12 © 2006 Towers Perrin 12 Pumping and Tempering (continued) 2003 study ranked importance of rating variables Three most important factors connected to loss propensity do not align with California’s Three Mandatory Factors Insurance score is not an optional factor in California Years of driving experience used in California instead of age CoverageFactor 1Factor 2Factor 3 Bodily Injury Liability Age/GenderInsurance ScoreGeography Property Damage Liability Age/GenderInsurance ScoreGeography Medical Payments Insurance ScoreLimitAge/Gender ComprehensiveModel YearAge/GenderInsurance Score CollisionModel YearAge/GenderInsurance Score Source: The Relationship of Credit-Based Insurance Scores to Private Passenger Automobile Insurance Loss Propensity, Michael Miller, FCAS and Richard Smith, FCAS, Epic Actuaries, June 2003

13 © 2006 Towers Perrin 13 Market Studies – Robert Downer Study Study commissioned by Personal Insurance Federation of California (PIFC) and Association of California Insurance Companies (ACIC) Study performed by Robert Downer of ARM Consultants, Inc. Data from four large auto insurers Study focused on rate changes for individual drivers rather than rates relative to indicated costs Study assumed revenue neutral changes Study shows Over 60% of all drivers will receive a rate increase Nearly 75% of drivers with 34 years driving experience (50+ years old) will receive rate increases Over 60% of California Good Drivers will receive rate increases Over 55% of drivers not considered California Good Drivers will receive rate decreases Source: Personal Insurance Federation of California Reference Book, “Impact of petition to modify use of Optional Rating Factors”, Robert Downer

14 © 2006 Towers Perrin 14 Market Studies – Mercer Oliver Wyman Study California Department of Insurance commissioned study by Mercer Oliver Wyman Participation from several companies Three instruction sets completed by participating companies, data provided to Mercer Oliver and Wyman for analysis Study focused on rate changes for individual drivers rather than rates relative to indicated costs Study assumed revenue neutral changes Study shows Rate increases for 52 of 58 counties Approximately 60% of California drivers would receive a rate increase 27% of all drivers will get a rate increase of over 10% Rural drivers subsidize urban drivers Magnitude of cross-subsidies range from $344 million to $742 million Two studies show same results – New regulations will result in rate changes for drivers across the state Rate changes not considered in either study Source: California Farm Bureau Federation Fact Sheet, “Proposed Amendment of Title 10 California Code of Regulations, Section – Optional Automobile Insurance Rating Factors” Californians to Stop Unfair Rate Increases, “Two Different Studies – Same Conclusion, Department of Insurance Proposal Will Result In Higher Auto Insurance Rates for More Drivers?”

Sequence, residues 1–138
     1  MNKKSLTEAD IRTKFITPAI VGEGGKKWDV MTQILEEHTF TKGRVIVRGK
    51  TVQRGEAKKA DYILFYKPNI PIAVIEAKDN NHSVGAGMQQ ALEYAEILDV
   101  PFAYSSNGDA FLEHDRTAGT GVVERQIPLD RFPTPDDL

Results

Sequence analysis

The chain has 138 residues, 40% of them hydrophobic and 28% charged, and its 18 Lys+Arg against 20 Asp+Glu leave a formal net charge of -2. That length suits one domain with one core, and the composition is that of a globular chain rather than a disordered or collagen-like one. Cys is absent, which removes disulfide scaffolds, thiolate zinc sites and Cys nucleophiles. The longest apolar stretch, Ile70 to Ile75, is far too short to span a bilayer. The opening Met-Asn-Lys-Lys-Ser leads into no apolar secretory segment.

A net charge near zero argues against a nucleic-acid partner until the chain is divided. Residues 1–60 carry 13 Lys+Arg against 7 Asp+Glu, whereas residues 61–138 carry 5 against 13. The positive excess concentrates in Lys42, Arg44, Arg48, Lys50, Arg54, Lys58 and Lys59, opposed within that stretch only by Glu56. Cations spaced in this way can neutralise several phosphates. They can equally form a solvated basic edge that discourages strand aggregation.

15 © 2006 Towers Perrin 15 Industry Comments – 45 Day Comment Period Insurer comments during 45 day comment period prior to passage of new regulations Rates should be cost-based and substantially related to the risk of loss A driver’s location (zip code) should be a critical factor in calculating insurance rates Drivers in rural regions of the state should not be forced to subsidize the rates for drivers in urban regions of the state The proposed regulations will result in arbitrary rates because of the act of pumping and tempering and the resulting cross- subsidies. Pumping and tempering move rate relativities in opposite direction of indicated

16 © 2006 Towers Perrin 16 Lessons from other states - Michigan Michigan Essential Insurance Act Take-all-comers provision Territory restrictions —20 territories —Maximum 10% rate differential between adjacent territories —Restrictions on maximum rate differential between highest and lowest rated territories (lowest rated not less than 45% of highest rated) Market Impact Urban territories subsidized by suburban and rural territories Insurers specialized in urban or rural areas, with rates that reflected their market area Coverage availability problems in Detroit Increase in the involuntary market, especially in Detroit Similarities to California Regulations Territory restrictions that create a subsidy for urban drivers CA insurers must accept all California Good Drivers Source: Mackinac Center for Public Policy, “The Essential Insurance Act”